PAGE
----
While many of us are self-confessed pet lovers, there’s one woman who takes it to a whole new level -- Anna Cabrera, mom of two and executive director of the Philippine Animal Welfare Society (PAWS). If her name sounds familiar, it's because she led the protests against the award-winning film, Oro, at the 2016 Metro Manila Film Festival. The film had depicted a true-to-life dog slaughter scene, which the filmmakers initially denied but later admitted they documented locals who were putting down dogs for food.
On behalf of PAWS, Anna pursued a case against the filmmakers, and while many lauded her, there were also those who accused her of making a big deal out of it and questioned her motives: was it all to gain fame and recognition -- for herself?
Anna takes all the controversy in stride. After all, pursuing animal cruelty cases isn't new to Anna and PAWS. The animals especially the dogs in PAWS' care are not from the street; they are animals rescued from abuse. PAWS' job is to make sure the animals' abusers are brought to justice under the Animal Welfare Act, which PAWS lobbied and championed. In fact, Anna was there in Malacañang when the Animal Welfare Act of the Philippines was signed. At the time, she was working for a bank, and in her spare time, Anna was one of the volunteers of the lobbying team who would hand-carry letters to the Senate. In 1998, the Animal Welfare Act became law; Anna was just 25 years old.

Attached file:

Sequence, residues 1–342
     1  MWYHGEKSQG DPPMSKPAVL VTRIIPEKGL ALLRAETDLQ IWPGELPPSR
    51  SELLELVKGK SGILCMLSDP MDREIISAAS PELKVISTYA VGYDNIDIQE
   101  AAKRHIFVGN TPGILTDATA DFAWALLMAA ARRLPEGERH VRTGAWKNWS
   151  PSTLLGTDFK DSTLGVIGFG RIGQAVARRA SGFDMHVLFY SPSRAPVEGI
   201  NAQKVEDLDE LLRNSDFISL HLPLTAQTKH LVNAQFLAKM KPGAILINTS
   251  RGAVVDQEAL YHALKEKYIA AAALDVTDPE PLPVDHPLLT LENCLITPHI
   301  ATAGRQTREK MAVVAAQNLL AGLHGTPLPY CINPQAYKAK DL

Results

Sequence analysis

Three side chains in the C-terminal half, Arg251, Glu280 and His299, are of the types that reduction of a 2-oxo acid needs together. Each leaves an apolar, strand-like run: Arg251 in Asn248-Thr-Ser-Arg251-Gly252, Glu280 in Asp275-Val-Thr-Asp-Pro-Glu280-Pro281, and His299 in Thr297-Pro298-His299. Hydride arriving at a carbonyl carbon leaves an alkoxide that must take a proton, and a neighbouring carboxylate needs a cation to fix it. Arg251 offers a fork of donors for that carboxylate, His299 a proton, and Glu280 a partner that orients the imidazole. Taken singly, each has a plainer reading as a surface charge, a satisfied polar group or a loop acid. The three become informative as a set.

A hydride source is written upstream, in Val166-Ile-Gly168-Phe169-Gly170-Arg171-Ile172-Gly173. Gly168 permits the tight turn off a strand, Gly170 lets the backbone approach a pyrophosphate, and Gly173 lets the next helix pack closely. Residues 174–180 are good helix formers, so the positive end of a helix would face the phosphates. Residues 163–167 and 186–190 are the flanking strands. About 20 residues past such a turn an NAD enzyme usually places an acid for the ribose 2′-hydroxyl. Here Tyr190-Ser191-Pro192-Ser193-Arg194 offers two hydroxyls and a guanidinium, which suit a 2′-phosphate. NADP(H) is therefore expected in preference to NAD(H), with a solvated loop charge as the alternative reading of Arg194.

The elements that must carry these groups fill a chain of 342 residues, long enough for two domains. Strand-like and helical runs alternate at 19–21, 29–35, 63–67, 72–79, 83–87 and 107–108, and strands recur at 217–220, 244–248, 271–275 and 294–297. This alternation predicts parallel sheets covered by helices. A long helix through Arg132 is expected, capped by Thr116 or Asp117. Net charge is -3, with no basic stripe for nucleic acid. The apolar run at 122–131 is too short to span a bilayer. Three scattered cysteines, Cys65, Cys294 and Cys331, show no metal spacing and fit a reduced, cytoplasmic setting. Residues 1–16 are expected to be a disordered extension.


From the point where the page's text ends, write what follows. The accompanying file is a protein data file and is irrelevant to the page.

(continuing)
Anna gave up her job to work full-time for the cause of treating animals humanely. It is a labor of love that has certainly competed with her time for family. We sat down with this lover of cats to discover inspiring truths about what it’s like to fight for a cause that you believe in while running a household and raising two daughters (a teenager and a toddler—plus cats!).